Balneus

Australian Lefty on Politics, Governance, Science and Info Management

Senate inquiry into gene patents open

Posted by Dave Bath on 2008-11-21


I’m a traditionalist in that I believe patents should encourage invention, should cover inventions, and not discoveries of what is already here, waiting for anybody to stumble on it, or, in religious terms, already invented by an alleged creator.

So I’m glad that the senate has opened an inquiry into gene patents.  Gene patents (unless they are of inventions, with genes designed in a lab, not discovered in the field) are a pet peeve of mine, along with mathematical algorithms.  (When we hook up with the Alpha Centauri Patents Office, there will be a hell of a fight about algorithmic "inventions").

So… especially those of you who don’t want nature "owned" by Big Pharma, who want third world countries with indigenous crops that have disease-resistance genes ransacked, or who object to the lax standard of patents review (remember the Australian Innovation Patent granted for "The Wheel", a.k.a. a "Circular transportation facilitation device"?), get your submissions prepared, even if it is a one-para objection to the things are going.

Details and summary of terms of reference over the fold, but first, is there any reader who knows their way around the Patents Act 1990, how it can be tightened up to differentiate between discovery and invention, and how it might be fixed to prevent abuse by Big Pharma?

  • Inquiry home page: http://www.aph.gov.au/Senate/committee/clac_ctte/gene_patents/index.htm
  • Terms of reference: http://www.aph.gov.au/Senate/committee/clac_ctte/gene_patents/tor.htm
  • Closing date: 2009-03-19
  • Email: community.affairs.sen@aph.gov.au
  • Terms of reference extract: The impact of the granting of patents in Australia over human and microbial genes and non-coding sequences, proteins, and their derivatives, including those materials in an isolated form, with particular reference to:
    1. the impact which the granting of patent monopolies over such materials has had, is having, and may have had on:
      1. the provision and costs of healthcare,
      2. the provision of training and accreditation for healthcare professionals,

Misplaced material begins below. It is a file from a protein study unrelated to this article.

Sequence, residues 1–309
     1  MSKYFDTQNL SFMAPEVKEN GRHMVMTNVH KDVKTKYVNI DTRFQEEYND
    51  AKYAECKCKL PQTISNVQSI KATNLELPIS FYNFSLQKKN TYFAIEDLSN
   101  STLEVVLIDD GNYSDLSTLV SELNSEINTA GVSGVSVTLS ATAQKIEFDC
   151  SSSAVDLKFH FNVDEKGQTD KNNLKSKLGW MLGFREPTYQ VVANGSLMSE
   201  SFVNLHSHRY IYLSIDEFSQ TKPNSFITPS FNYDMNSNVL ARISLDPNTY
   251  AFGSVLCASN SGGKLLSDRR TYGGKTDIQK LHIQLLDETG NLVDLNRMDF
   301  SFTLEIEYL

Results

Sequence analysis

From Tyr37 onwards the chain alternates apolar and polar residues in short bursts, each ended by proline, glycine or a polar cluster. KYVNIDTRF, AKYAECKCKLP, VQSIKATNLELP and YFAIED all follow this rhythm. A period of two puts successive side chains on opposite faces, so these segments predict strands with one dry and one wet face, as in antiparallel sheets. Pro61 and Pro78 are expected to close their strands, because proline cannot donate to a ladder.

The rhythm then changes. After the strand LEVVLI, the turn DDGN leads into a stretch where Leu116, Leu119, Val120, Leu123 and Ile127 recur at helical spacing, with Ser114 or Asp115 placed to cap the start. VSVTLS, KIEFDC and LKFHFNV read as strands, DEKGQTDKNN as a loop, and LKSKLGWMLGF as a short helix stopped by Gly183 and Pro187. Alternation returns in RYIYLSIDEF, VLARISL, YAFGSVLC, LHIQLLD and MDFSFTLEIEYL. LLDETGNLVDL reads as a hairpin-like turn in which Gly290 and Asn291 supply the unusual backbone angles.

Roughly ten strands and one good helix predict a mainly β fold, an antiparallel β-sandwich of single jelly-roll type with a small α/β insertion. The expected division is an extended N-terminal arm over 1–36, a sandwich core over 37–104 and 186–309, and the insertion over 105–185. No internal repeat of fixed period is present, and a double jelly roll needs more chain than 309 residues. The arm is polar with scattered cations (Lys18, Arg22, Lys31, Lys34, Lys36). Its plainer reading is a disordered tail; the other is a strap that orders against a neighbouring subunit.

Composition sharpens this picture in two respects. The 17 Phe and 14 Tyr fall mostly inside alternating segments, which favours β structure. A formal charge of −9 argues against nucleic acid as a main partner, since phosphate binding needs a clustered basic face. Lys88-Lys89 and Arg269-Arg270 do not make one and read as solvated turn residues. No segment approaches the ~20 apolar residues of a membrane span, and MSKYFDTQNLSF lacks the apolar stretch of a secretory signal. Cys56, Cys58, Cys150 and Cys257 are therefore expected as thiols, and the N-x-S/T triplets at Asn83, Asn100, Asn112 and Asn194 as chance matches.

3. the progress in medical research, and
      4. the health and wellbeing of the Australian people;
    2. identifying measures that would ameliorate any adverse impacts arising from the granting of patents over such materials, including whether the Patents Act 1990 should be amended, in light of the any matters identified by the inquiry; and
    3. whether the Patents Act 1990 should be amended so as to expressly prohibit the grant of patent monopolies over such materials.
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3 Responses to “Senate inquiry into gene patents open”

  1. PollyCyclic said

    From The Age :

    From November 6, Genetic Technologies secured rights to the testing of two genes — BRCA1 and BRCA2 — that are associated with high risks of breast cancer. Hundreds of tests at the Peter MacCallum Cancer Institute and the Royal Melbourne Hospital each year will no longer be carried out. The $2100 test will still be available on the public purse only if family history suggests women are at risk. Cancer specialists fear the monopoly could raise prices, stop research and encourage profit-motivated marketing.

    From Nature News Online 2 dec

    Europe to pay royalties for cancer gene. BRCA1 patent decision may be ignored in clinics…. “We had all been freely testing the BRCA genes since they were first described in the early 1990s,” she says.

  2. […] know what it doesProzac/SSRIs during pregnancy risks your child getting depression, bipolar et alSenate inquiry into gene patents openIs rendering countries uninhabitable terrorism?Gender-based […]

  3. […] "Senate Inquiry into Gene Patents Open" (2008-11-21) […]

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